In the midst of this financial crisis, Robertson confided in W.O. Carver, lamenting over the possibility of bankruptcy and questioning the value of the project. Carver consoled him, saying, “You are our window to the world. Nobody knows anyone at this seminary except you.”
In 1914, the first edition of the grammar received widespread praise from Greek scholars. Harvard scholar Henry Cadbury said it “is not only the most modern of such grammars; it is much the completest.” By 1923, the book appeared in a fourth edition, bringing the 26-year project to completion.
When Lutheran theologian Oscar Cullmann visited Southern Seminary in 1966, he told a group of graduate students about a personal audience he had with Pope John XXIII. Upon noticing a copy of Robertson’s grammar next to the pontiff’s Greek New Testament, Cullmann asked why he was using an English grammar. “It’s the best one available,” the pope responded.
“A.T. Robertson was one of the greatest scholars in the seminary’s rich history, perhaps the greatest of all,” said seminary historian Gregory A. Wills, who is also dean of the School of Theology. “He did more than any other to establish the seminary’s reputation for scholarship.”
Robertson delivered his inaugural address at Southern Seminary, “Preaching and Scholarship,” Oct. 3, 1890, rejecting the idea that theological education was a waste of time. “If theological education will increase your power for Christ, is it not your duty to gain that added power?” Robertson said. “Never say you are losing time by going to school. You are saving time, buying it up for the future and storing it away. Time used in storing power is not lost.”
For Robertson, scholarship was not the goal of seminary education but rather a means. “If our system of theological training fails to make preachers, it falls short of the object for which it was established,” said Robertson in his inaugural address. “My plea is for scholarship that helps men to preach.”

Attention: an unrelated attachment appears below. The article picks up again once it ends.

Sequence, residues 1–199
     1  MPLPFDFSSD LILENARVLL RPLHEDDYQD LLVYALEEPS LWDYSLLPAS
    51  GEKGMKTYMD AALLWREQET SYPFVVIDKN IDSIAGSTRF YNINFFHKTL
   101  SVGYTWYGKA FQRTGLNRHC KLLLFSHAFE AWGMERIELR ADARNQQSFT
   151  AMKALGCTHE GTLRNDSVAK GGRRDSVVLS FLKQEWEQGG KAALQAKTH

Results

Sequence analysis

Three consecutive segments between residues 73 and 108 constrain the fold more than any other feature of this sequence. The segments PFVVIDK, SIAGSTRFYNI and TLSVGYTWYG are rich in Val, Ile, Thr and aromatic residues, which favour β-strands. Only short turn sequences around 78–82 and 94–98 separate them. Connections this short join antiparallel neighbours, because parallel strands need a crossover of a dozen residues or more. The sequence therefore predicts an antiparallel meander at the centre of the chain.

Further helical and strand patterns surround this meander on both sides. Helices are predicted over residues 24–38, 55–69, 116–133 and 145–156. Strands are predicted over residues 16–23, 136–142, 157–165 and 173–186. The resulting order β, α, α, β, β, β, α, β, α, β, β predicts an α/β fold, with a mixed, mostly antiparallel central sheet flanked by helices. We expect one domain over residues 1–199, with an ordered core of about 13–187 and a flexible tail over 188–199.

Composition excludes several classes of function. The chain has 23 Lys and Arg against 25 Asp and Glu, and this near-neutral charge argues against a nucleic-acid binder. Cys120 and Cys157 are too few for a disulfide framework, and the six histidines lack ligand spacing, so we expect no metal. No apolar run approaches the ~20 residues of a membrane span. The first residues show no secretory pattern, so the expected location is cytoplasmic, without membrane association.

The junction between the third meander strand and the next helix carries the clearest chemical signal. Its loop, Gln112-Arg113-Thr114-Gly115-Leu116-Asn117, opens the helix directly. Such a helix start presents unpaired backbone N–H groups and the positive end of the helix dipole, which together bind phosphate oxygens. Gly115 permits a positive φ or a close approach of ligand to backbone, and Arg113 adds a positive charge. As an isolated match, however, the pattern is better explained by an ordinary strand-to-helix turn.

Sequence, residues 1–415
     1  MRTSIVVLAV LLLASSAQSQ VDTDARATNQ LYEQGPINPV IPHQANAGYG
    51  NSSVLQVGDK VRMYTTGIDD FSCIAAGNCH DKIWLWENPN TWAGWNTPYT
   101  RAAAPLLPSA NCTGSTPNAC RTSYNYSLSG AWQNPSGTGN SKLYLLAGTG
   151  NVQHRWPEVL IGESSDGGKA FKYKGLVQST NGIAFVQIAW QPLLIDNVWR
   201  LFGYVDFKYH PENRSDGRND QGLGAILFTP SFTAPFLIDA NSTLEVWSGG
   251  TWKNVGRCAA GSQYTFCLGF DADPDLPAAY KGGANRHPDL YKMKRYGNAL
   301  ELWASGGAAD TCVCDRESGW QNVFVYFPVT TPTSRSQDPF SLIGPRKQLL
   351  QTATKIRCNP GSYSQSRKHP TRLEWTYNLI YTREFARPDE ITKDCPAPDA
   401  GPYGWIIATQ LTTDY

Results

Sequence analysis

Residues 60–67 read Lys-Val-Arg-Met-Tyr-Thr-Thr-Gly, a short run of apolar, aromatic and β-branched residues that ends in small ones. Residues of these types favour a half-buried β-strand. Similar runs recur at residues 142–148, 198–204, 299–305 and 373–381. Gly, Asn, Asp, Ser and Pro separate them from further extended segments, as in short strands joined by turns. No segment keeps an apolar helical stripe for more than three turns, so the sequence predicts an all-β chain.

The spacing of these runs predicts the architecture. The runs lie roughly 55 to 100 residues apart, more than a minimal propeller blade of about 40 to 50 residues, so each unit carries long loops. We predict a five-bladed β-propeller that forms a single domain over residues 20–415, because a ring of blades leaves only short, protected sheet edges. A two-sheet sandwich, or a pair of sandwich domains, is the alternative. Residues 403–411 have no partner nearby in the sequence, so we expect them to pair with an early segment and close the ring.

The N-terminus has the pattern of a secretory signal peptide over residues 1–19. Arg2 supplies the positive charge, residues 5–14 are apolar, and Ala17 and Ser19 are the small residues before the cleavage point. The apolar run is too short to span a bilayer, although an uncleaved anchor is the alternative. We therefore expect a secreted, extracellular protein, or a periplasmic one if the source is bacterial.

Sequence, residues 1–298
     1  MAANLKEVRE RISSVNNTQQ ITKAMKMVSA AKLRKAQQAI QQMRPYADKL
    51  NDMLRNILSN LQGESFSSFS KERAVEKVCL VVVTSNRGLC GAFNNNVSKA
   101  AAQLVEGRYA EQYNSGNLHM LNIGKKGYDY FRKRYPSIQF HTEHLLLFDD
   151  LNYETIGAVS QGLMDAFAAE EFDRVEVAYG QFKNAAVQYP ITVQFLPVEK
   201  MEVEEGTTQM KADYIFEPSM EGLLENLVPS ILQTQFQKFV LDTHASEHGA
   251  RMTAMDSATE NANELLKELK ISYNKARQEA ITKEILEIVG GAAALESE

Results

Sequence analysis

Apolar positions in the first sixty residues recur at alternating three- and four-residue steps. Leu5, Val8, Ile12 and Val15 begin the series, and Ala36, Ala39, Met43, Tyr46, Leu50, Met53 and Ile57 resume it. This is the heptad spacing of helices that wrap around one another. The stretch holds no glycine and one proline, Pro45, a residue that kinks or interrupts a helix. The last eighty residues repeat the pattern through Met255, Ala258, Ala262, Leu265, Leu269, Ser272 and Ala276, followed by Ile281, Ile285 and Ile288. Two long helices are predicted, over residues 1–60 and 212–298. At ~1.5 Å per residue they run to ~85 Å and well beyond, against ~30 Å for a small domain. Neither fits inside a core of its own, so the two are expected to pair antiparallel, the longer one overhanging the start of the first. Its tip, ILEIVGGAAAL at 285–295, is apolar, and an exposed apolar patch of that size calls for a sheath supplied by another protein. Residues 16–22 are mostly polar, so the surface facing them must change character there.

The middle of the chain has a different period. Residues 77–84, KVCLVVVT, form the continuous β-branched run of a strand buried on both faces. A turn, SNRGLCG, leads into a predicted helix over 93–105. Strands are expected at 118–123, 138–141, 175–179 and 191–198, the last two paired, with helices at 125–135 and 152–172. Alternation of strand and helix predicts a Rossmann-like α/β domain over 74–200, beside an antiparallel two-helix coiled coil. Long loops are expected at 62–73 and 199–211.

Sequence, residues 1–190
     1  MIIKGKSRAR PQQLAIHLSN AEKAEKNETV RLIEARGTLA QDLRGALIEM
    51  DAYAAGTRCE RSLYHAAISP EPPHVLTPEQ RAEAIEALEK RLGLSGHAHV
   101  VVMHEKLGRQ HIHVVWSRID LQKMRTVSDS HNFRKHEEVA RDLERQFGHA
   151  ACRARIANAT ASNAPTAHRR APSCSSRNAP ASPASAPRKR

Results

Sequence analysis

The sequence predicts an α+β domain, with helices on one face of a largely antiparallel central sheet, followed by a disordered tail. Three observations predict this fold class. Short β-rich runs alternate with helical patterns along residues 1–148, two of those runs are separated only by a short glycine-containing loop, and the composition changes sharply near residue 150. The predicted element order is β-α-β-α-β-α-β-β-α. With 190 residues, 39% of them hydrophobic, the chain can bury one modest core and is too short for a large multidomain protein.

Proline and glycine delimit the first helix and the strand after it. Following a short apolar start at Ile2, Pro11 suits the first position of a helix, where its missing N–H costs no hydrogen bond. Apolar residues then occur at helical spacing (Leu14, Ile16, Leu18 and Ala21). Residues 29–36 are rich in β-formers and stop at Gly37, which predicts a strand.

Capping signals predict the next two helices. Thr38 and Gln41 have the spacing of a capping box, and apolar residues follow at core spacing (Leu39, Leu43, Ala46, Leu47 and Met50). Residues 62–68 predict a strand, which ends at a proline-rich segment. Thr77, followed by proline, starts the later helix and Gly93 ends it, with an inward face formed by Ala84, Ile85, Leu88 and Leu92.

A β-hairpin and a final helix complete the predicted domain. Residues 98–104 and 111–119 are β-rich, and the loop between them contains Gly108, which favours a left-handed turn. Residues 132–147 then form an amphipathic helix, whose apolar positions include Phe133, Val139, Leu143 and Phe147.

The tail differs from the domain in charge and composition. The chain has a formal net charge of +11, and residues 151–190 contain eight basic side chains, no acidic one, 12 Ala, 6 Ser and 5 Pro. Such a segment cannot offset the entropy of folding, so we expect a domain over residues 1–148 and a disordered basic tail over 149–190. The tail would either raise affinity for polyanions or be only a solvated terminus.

Robertson himself gained renown as a preacher, frequenting the pulpits of churches across the nation and delivering lectures at conferences and colleges. He refrained from denominational leadership during the Mullins presidency, but pursued broader activities through the establishment of the Baptist World Alliance in 1900.
“His scholarship was not in order to advance his reputation or career, but to serve the kingdom of the Savior,” Wills said. “His 45 published books, countless articles, and many addresses throughout the nation advanced sound Bible teaching, defended the Bible’s inspiration and inerrancy, and opposed the aggressive errors of his day. He gave his life in defense of the faith that was once for all delivered to the saints.”
S. Craig Sanders is the manager of news and information at The Southern Baptist Theological Seminary. Robert L. Plummer, Thomas J. Nettles, John B. Polhill, and the late Wayne Ward contributed biographical information in a 2009 panel discussion on A.T. Robertson, which can be found online here. For a list of memorable quotations of Roberston, click here.